The scrapes and cuts of the early implementation of the Sarbanes-Oxley Act have begun to heal. But scars will remain. And there s no returning to the way things used to be. Relations with his bank's outside auditing firm "deteriorated dramatically in 2004 and that was because there was limited guidance out there," says J. Kimbrough "Kim" Davis, CFO at Capital City Bank Group, Tallahassee, Fla. "We had this massive task list of testing and controls ahead of us. The accounting firms didn't know what they were supposed to do. We didn't know what we were supposed to do."
The exasperation factor for accelerated tilers, like Davis, was high.
"Things improved in 2005, as more guidance has come out," the CFO says. "But the relationship can't touch where it was in years past, and I think that day's gone forever."
Davis was one of six community bank CFOs who met in a recent face-to-face roundtable during ABA's National Conference for Community Bankers. Even for those banks not directly affected by SOX, the unpopular law has affected their work.
Davis says compliance and administrative costs associated with SOX will come down a little, but the audit is still much more expensive.
"Our audit costs went from a little less than $250,000 to over $800,000 from 2003-2004," says Davis. While the total bill for 2005 was expected to be somewhat lower than for 2004, Davis says it was not likely going to be as low as management would have liked.
And there are other, less obvious, costs. Davis says the bank's internal auditor now concentrates almost exclusively on SOX Section 404 (broadly, internal controls), leaving other chores to be handled by others. Davis believes 404 will require a three-year learning period.
"Now, it's kind of baked in," says Davis. "It's become part of the corporate culture, so, increasingly, everybody knows what we are supposed to do. But though it's baked in, the problem is you've embedded this new cost in the permanent cost structure. We may trim around the edges once we've got it all down, but the tendency of this kind of thing, over time, is to grow."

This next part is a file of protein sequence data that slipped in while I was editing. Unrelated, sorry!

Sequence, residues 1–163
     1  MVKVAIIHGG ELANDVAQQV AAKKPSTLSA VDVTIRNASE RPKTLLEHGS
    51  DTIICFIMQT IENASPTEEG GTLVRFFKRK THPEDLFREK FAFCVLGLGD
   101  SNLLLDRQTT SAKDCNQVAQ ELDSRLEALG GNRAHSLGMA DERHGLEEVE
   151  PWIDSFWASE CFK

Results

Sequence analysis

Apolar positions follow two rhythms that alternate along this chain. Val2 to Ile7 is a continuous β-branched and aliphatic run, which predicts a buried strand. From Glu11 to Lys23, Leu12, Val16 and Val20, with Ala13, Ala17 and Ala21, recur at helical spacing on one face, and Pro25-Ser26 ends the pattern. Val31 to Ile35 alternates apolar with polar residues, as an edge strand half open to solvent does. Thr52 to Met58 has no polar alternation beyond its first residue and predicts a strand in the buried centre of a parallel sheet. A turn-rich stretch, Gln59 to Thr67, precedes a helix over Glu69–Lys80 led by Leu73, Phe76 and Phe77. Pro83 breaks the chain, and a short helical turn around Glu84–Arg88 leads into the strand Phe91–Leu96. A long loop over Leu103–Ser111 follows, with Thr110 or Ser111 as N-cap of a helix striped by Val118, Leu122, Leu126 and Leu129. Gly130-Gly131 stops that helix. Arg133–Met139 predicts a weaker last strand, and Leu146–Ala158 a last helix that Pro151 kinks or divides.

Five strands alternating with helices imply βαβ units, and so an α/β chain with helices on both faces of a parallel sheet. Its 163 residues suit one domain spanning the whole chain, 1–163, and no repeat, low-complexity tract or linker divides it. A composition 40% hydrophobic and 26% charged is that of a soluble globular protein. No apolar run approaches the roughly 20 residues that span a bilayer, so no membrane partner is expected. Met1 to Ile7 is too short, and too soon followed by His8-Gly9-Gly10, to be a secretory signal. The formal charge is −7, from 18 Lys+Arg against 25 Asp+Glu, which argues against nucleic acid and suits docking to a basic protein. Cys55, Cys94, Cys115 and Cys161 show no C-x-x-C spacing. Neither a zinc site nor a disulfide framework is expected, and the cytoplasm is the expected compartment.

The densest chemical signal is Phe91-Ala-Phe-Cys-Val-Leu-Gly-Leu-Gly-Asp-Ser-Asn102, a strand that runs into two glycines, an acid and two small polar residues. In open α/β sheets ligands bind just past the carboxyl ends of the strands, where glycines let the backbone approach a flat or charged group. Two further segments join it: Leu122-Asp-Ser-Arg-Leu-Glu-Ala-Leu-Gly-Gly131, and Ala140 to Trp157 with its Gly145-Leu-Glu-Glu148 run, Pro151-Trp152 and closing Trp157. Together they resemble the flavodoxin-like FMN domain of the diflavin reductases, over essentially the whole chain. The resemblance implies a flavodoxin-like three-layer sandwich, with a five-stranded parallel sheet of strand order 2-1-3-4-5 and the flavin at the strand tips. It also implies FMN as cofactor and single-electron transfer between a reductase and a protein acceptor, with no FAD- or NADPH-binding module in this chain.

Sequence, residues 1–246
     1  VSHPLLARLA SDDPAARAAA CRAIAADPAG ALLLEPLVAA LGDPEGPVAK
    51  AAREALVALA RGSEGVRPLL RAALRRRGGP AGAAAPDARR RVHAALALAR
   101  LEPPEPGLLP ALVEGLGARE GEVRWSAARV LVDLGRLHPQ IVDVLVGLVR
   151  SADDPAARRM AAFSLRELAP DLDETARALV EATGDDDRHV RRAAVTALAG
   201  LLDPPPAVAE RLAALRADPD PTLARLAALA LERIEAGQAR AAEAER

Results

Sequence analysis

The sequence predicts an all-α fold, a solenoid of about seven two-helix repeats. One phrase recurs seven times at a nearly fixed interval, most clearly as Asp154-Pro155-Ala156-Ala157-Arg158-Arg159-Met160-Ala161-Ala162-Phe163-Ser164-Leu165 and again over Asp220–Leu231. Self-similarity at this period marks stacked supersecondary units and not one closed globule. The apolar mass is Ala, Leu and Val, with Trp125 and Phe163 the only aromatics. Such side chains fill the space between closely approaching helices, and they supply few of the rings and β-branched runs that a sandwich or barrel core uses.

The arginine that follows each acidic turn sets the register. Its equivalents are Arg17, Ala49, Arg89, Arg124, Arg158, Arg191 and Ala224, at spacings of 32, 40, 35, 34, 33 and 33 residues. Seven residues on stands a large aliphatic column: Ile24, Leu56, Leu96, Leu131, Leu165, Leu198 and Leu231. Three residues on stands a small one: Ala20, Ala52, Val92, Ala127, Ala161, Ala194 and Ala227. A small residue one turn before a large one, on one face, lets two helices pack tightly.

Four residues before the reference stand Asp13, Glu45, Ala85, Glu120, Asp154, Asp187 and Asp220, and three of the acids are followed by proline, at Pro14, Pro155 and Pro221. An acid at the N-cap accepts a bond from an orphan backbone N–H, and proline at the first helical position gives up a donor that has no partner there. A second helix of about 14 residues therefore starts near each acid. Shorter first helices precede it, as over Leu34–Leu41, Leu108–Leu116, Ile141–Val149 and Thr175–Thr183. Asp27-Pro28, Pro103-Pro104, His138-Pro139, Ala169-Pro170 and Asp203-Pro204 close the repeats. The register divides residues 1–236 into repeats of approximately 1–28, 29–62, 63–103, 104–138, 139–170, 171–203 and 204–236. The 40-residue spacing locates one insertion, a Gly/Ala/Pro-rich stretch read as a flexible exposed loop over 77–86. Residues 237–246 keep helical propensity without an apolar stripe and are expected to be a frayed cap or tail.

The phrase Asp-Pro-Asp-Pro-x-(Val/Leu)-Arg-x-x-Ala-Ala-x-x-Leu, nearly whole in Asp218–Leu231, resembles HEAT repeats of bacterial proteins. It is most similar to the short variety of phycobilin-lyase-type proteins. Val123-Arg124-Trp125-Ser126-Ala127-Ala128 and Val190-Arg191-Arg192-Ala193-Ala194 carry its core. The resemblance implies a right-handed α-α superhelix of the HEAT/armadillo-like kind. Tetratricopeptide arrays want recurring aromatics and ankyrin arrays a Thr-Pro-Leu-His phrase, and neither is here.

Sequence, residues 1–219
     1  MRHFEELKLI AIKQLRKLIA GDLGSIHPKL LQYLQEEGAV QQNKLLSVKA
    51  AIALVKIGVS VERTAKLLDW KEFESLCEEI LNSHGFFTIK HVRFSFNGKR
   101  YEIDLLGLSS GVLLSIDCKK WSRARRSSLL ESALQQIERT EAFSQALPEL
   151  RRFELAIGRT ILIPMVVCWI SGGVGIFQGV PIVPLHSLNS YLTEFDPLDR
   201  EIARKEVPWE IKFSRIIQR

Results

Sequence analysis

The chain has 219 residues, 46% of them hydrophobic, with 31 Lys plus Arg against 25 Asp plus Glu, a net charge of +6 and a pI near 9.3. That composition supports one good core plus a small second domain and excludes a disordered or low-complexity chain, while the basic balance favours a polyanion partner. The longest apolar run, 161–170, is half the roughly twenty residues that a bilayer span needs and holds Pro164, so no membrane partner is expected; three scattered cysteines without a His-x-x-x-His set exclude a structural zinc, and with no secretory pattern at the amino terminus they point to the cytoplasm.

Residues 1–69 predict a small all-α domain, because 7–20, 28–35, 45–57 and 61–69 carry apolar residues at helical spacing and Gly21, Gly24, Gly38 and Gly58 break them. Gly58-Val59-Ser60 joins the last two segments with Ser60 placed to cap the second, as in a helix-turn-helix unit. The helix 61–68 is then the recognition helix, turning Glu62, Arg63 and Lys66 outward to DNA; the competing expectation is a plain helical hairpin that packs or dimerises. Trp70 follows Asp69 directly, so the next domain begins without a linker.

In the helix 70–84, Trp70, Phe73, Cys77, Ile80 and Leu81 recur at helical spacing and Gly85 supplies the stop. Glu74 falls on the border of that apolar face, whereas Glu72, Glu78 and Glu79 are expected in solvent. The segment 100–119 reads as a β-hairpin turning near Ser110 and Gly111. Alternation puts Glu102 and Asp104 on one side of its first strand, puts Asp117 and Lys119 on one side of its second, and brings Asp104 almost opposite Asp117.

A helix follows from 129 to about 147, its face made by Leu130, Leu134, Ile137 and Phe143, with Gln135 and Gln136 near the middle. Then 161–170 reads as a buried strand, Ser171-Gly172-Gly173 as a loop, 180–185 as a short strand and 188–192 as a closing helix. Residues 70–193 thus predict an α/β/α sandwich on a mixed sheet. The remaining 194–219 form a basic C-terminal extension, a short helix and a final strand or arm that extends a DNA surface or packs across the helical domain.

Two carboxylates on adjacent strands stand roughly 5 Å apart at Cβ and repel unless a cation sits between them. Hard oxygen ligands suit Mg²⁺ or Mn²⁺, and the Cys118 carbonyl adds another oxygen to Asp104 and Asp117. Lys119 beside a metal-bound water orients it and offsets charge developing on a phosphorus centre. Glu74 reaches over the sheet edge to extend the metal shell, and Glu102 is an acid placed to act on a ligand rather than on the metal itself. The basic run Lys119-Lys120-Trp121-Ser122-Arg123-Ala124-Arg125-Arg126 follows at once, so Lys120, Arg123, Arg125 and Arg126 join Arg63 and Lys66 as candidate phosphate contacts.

Things have started settling down for Texas banker Bob Scott. "It got pretty strained there for a while, but we're back on track," says Scott of relations with his outside firm. It cost $335,000 for outside consultants, attorneys, and other accountants to help his company, Summit Bancshares, sort things out.
Other members of the roundtable, not directly affected by SOX, have still seem some changes.
State Bank of Countryside, Ill., is a Sub S community bank, which has a "strong relationship with our auditors," according to CFO John Laherty. Nevertheless, the bank's accounting firm began applying some SOX steps as best practices even though they weren't supposed to apply under similar, but not identical, FDICIA rules.
"They were holding us to what I'll call a higher standard of a public company," says Laherty. "So we had a little bit of a hurdle there, some banter back and forth."
Other members of the roundtable lament a SOX casualty in the accounting firm relationship: the easy availability of advice.
"That was a perk of having an accounting firm with knowledge, which you could draw from," says Bruce Williams, CFO of Hardin County Bank, Tenn. "Now they are quicker to point you to other bankers who have lived through the question you are asking, so that you'll call them, than to answer you directly."
What Keeps CFOs Busy Today
Are you busier because top management wants more analytical work? Or is it regulatory demands? John Laherty It's a mix. We do look at the broader picture and help drive the company strategically because by its very nature financial reporting cuts across the whole company. This puts us in a rare position that gets to see all the dynamics of the bank. Our board sees the importance of risk management and the importance of strategic direction. …